by Courtney Rae, Bark Community Organizer
Oregon’s forests foster an enormous sense of pride for our communities, but what goes on behind the “beauty strips” surrounding popular recreation sites and roads is purposefully misrepresented by the Forest Service and the timber industry. This keeps the public largely misinformed about the destructive impact of commercial logging on sensitive ecosystems, and the natural areas we value so much.
Since 1999, Bark has organized public hikes, campouts, classes, and opportunities to engage with the Forest Service about its management practices giving people on-the-ground experience and tools to counter the false, industry-led narrative – which states that forests are made healthier through large-scale logging – and practices such as commercial “thinning.” While the timber industry has branded thinning as something that improves forest rehabilitation, the road building and heavy machinery on which it relies result in long-lasting degradation of soils, watersheds, and wildlife habitats. Practices such as “thinning”, “regeneration harvests”, and “salvage logging” have destructive outcomes and do not improve the ecological health of forests.
We now know that immediate action is needed to avert the worst climate scenarios, but the Management Plan for Mt. Hood National Forest has not been updated in nearly 30 years. In response, Bark began in 2016 to envision the Free Mt. Hood campaign, which focuses on shifting the management priorities in Mt. Hood National Forest towards those that prioritize sustainability.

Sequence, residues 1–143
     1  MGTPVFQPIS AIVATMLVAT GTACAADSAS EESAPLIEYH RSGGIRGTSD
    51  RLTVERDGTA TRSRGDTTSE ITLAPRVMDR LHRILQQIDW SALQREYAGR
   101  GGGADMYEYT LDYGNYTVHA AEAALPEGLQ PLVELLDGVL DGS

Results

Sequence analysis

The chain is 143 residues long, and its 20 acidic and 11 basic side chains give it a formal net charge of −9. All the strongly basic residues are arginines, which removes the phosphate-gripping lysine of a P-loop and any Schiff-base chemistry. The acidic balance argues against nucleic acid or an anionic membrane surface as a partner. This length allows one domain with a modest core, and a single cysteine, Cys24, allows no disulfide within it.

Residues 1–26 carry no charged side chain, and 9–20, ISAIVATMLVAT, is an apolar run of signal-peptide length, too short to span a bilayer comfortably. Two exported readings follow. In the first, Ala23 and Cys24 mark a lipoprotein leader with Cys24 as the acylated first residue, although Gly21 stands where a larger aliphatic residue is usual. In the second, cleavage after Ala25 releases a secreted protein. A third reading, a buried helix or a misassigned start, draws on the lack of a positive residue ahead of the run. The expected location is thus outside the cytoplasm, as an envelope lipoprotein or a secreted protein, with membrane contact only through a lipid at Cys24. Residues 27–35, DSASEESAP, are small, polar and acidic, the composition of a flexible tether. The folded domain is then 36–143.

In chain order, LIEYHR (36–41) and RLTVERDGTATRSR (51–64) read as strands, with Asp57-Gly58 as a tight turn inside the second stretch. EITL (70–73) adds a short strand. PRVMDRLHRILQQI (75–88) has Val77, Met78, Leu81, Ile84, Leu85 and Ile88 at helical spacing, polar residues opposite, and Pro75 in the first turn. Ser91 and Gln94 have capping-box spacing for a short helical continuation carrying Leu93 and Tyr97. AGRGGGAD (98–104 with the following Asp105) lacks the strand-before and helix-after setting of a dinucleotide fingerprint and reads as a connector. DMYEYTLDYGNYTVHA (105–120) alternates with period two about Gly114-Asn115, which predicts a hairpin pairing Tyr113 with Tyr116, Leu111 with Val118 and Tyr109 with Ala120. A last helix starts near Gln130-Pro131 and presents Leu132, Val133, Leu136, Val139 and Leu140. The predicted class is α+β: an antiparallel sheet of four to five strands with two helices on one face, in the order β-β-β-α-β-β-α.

The campaign has so far achieved protections for National Forests in the Renewable Energy Resolutions passed by the City of Portland and Multnomah County; convened the first ever People’s Forest Forum to cultivate the community vision for stewardship of the forest in a changing climate; and added forest defense as a priority for regional climate action organizations.
Next April, we hope to see you at the People’s Forest Forum to learn about the opportunities available for local governments and community organizations to shape the future of Mt. Hood. We will also need your help to leverage community resistance to a climate-denying administration and empowered extractive industry to move Oregon’s highest decision-makers to push for stronger protections for all public lands.
In the coming year, Bark is calling on all Portlanders to take responsibility for the forest we rely on and urge the Forest Service to free Mt. Hood from commercial logging, and allow the forest a fighting chance in a changing climate. Visit us at www.bark-out.org or on social media to give, learn more, volunteer, and see our calendar of events.